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TIDWELL v. PAXTON

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Supreme Court of Georgia.

TIDWELL v. PAXTON.

No. S07A1306.

Decided: October 09, 2007

Banks & Stubbs, Rafe Banks III, Cumming, for Appellant. Paul Joseph Dzikowski, Cumming, James Aaron Dunn, Asst. Dist. Atty., Penny Alane Penn, Dist. Atty., for Appellee.

On February 13, 2007, Jerry Tidwell was arrested without a warrant for possession of methamphetamine with intent to distribute.   On February 14, 2007, Tidwell was taken for his first appearance before a magistrate judge who issued an arrest warrant for the crime and set Tidwell's commitment hearing for March 26, 2007.   On March 7, 2007, Tidwell filed a pre-trial petition for habeas corpus, arguing that he should be released from custody because he had not received a commitment hearing within 48 hours of his arrest pursuant to OCGA § 17-4-62.1  The habeas court denied Tidwell's petition in a written order filed on March 21, 2007, and this appeal ensued.

 Tidwell's appeal has now become moot.   After this appeal was filed, Tidwell was indicted by a grand jury on May 7, 2007.  “[O]nce an indictment has been returned against a defendant, the question of whether a commitment hearing should have been held becomes moot.”  (Citation omitted.)   Ross v. Lemacks, 264 Ga. 839, 452 S.E.2d 109 (1995).   Therefore, this appeal must be dismissed.

 Although we do not reach the merits of Tidwell's case, we note that, in making his argument to this Court, Tidwell relied on a parenthetical in a footnote in the analogous case of Boyd v. St. Lawrence, 281 Ga. 300, 301, n. 3, 637 S.E.2d 687 (2006), which states, in its entirety:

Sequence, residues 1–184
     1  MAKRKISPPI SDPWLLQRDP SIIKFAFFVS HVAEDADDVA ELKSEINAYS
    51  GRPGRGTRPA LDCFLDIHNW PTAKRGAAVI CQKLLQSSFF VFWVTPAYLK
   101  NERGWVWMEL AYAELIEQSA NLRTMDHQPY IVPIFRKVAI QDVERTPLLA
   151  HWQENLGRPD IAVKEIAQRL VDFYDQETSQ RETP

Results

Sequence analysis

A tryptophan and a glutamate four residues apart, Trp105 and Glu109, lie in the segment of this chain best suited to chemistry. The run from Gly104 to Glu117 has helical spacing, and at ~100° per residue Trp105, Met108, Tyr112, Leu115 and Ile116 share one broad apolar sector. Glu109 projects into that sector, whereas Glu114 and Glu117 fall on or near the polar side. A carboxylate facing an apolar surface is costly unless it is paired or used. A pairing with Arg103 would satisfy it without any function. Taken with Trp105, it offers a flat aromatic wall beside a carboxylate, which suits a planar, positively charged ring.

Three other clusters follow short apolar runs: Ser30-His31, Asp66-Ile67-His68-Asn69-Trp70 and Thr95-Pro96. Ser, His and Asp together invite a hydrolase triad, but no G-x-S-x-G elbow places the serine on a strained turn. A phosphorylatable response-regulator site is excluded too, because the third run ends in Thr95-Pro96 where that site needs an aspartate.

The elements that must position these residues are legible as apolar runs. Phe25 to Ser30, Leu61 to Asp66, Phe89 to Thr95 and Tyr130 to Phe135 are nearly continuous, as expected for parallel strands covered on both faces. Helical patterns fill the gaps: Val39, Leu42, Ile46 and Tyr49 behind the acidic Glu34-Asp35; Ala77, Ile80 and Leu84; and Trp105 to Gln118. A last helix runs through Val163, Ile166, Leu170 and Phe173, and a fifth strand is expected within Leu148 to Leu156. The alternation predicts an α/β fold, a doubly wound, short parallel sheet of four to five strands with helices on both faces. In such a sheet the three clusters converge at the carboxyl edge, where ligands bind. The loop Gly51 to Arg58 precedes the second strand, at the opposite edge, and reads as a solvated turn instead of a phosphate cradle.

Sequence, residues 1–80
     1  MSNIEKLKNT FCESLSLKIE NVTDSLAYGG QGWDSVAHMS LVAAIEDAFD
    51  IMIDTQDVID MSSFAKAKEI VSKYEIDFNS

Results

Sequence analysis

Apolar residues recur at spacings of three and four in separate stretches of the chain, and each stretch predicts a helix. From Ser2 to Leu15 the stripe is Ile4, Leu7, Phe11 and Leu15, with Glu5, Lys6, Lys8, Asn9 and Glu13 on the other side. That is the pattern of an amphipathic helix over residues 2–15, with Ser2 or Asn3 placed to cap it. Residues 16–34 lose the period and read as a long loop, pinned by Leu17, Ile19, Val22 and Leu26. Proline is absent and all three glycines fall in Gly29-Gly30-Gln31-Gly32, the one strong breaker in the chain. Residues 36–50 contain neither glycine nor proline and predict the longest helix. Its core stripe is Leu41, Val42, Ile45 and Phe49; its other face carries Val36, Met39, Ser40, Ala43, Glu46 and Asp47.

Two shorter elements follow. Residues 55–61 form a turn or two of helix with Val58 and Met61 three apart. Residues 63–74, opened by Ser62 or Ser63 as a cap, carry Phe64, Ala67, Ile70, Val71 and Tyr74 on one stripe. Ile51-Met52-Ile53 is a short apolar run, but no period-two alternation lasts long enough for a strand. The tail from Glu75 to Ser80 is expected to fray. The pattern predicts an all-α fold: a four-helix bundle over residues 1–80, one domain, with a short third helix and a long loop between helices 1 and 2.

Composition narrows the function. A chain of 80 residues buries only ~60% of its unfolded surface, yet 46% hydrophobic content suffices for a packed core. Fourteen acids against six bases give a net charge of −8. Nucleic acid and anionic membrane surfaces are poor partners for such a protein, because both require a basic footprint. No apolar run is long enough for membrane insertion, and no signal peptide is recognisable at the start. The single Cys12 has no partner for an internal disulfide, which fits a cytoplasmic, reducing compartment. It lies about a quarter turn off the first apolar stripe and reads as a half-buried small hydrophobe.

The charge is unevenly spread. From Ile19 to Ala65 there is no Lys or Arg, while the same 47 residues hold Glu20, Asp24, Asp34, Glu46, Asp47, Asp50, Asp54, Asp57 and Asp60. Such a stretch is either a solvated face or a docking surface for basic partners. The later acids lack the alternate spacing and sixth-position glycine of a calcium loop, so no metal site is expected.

See Ross v. Lemacks, 264 Ga. 839, 452 S.E.2d 109 (1995) (although OCGA § 17-4-26 2 provides that a defendant must be released from custody if not provided a commitment hearing within 72 hours of his arrest pursuant to a warrant, a defendant's indictment moots question of whether he should have been brought before a judicial officer within 72 hours).

This parenthetical, however, is not accurate.  OCGA § 17-4-26 requires that “the person arrested [be brought] before a committing judicial officer within 72 hours after arrest.”   It does not require a commitment hearing within that time.   In Dodson v. Grimes, 220 Ga. 269, 270(1), 138 S.E.2d 311 (1964), we held that OCGA § 17-4-26

does not provide that the committing magistrate shall have a hearing within 72 hours after the arrest.   The facts here show that the arresting officers did bring the petitioner before the magistrate within 72 hours after the arrest.   The fact that the magistrate set the hearing more than 72 hours after the arrest did not make petitioner's detention illegal.

To the extent that the language in footnote 3 of Boyd v. St. Lawrence conflicts with this holding, it is hereby disapproved.   See also Dean v. State, 250 Ga. 77, 81(2)(b), 295 S.E.2d 306 (1982) (OCGA § 17-4-62 “is satisfied where ․ police obtain an arrest warrant within 48 hours of a valid warrantless arrest.”).

Case dismissed.

FOOTNOTES

1.   OCGA § 17-4-62 provides:In every case of an arrest without a warrant, the person arresting shall, without delay, convey the offender before the most convenient judicial officer authorized to receive an affidavit and issue a warrant as provided for in Code Section 17-4-40.   No such imprisonment shall be legal beyond a reasonable time allowed for this purpose;  and any person who is not brought before such judicial officer within 48 hours of arrest shall be released.

2.   OCGA § 17-4-26 provides:Every law enforcement officer arresting under a warrant shall exercise reasonable diligence in bringing the person arrested before the judicial officer authorized to examine, commit, or receive bail and in any event to present the person arrested before a committing judicial officer within 72 hours after arrest.   The accused shall be notified as to when and where the commitment hearing is to be held.   An arrested person who is not notified before the hearing of the time and place of the commitment hearing shall be released.

MELTON, Justice.

All the Justices concur.

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